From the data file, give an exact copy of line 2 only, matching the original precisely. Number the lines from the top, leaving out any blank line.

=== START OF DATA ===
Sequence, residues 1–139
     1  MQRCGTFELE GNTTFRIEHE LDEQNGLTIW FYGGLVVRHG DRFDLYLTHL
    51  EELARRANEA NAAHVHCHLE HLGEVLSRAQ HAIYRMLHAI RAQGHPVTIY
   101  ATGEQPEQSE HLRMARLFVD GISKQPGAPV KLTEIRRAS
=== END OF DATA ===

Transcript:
     1  MQRCGTFELE GNTTFRIEHE LDEQNGLTIW FYGGLVVRHG DRFDLYLTHL